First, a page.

Wednesday, June 17, 2009

Selecting Leaders, Partisanship

Kristofer Munsterhjelm, in extended discussion on the Electorama site and in private emails, explained why good government must include proportional representation for the many diverse interests of the people. Careful consideration of Kristofer's description showed that society would benefit if special interests are able to participate as a group, provided the rest of society is equally well represented. Practical Democracy ensures that those who are not members of organized groups will also be represented by including the entire electorate in the electoral process.

Groups of people who share a common interest are incomparably different from entities organized for the purpose of achieving political power. The following describes how Practical Democracy integrates proportional representation for partisans of diverse interests without letting the interest groups control the process. It is hereby incorporated in the Selecting Leaders section, above.

Selecting Leaders, Partisanship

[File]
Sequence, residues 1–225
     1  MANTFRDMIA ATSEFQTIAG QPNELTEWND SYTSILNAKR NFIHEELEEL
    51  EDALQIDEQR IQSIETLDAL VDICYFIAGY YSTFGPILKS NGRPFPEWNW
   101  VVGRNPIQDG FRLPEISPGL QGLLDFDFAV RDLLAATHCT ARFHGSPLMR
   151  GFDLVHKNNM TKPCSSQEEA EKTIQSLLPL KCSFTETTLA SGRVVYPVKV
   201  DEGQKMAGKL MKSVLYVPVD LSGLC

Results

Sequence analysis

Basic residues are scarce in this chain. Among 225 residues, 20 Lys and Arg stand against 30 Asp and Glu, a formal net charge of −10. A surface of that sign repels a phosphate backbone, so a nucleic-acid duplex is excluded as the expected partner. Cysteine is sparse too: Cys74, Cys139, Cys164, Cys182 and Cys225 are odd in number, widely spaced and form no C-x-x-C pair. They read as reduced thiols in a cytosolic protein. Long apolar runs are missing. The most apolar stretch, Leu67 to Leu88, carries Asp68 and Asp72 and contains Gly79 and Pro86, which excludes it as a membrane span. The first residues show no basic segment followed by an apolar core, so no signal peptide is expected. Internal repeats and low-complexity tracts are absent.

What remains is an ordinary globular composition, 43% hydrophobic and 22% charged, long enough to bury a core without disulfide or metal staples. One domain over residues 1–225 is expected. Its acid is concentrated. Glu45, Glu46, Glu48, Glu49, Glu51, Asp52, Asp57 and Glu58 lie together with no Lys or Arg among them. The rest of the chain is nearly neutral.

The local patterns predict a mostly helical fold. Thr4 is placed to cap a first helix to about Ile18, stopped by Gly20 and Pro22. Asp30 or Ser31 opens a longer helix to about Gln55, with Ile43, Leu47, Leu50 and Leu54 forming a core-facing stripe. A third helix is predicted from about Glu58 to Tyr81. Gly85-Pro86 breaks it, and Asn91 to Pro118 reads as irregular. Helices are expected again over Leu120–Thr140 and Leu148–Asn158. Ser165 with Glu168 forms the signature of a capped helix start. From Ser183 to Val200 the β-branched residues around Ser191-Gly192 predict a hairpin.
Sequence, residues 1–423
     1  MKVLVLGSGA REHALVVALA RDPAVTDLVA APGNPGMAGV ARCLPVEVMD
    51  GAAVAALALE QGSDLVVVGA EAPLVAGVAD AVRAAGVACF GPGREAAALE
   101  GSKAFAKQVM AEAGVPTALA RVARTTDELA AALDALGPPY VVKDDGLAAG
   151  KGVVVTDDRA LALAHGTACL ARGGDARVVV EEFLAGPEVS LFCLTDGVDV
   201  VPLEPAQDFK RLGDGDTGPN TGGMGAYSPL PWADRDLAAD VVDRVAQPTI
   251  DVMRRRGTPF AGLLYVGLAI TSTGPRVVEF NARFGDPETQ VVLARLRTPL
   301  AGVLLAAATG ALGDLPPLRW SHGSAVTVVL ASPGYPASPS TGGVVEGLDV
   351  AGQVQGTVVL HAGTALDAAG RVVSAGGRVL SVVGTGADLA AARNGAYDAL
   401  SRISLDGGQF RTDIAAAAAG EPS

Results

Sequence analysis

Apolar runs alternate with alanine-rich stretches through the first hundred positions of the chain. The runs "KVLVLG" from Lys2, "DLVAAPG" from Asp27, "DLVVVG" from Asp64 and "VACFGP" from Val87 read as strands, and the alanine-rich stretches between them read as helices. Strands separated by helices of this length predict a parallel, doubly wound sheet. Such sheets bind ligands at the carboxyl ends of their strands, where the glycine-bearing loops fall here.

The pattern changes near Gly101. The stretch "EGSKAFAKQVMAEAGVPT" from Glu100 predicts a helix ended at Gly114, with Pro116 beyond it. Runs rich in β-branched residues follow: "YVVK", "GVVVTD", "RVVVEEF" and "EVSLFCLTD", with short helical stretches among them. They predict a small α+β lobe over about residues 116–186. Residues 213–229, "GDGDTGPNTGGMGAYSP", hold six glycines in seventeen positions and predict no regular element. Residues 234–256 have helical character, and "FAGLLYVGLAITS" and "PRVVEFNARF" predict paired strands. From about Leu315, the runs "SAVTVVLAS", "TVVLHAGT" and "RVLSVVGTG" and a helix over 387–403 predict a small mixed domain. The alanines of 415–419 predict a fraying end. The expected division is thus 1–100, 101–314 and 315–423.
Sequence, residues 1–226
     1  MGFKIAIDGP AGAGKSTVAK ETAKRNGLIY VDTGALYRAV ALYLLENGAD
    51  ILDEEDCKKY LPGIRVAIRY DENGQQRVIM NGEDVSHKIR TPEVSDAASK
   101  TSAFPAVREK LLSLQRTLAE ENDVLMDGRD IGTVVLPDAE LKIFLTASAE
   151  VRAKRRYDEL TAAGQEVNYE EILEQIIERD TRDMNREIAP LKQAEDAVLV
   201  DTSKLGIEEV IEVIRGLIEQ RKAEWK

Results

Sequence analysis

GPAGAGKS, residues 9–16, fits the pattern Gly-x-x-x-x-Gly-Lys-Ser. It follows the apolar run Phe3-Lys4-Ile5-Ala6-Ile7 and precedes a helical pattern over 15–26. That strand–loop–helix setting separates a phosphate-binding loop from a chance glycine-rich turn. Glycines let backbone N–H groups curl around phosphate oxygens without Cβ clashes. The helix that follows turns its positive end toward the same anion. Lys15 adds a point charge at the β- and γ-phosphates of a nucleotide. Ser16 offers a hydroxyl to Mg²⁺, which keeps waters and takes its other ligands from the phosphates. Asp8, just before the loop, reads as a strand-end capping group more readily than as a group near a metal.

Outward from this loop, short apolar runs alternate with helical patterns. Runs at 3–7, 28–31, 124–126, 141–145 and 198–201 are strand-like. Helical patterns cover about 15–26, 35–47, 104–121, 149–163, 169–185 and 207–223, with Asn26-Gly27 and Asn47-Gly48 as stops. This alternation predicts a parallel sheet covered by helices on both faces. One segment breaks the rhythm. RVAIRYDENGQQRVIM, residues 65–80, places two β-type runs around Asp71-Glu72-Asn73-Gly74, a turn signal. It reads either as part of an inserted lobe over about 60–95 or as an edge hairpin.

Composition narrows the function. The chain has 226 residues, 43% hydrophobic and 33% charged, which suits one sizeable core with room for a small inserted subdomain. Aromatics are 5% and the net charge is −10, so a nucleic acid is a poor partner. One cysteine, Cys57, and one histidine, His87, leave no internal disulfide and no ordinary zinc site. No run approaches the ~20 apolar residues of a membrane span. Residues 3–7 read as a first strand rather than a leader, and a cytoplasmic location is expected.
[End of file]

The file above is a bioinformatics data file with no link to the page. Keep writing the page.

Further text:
At any time up to one week before an election, voters may declare themselves to be members of any party or may create a new party, simply by declaring membership in it. Voters that do not declare party membership will automatically be assigned to a set of voters with no party affiliation. The Election Commission will create triads from members of the same party, as long as more than two members of a party advance. When less than three members of a party advance, the party's remaining candidates are merged with the unaligned candidates. This allows elevation of the advocates for partisan interests to the highest level supported by the party's membership.

This change reduces the risk of suitable candidates being shut out at the lowest level and encourages thorough examination of the tenets of partisan views. It makes Practical Democracy responsive to the interests of the people. The public is encouraged ... and empowered ... to support the ideas that are important to them. Special interests maintain their identity through multiple levels, depending on the size of the party, and the champions for partisans advance to levels where they can promote their cause. Each party achieves influence in government commensurate with the public support its cause inspires.

This modification corrects the abuses of the present system of party politics because, under Practical Democracy, voters with no party affiliation have a voice. Special interests will be represented in our government, but, more importantly, the people will be represented, too.

Fred Gohlke

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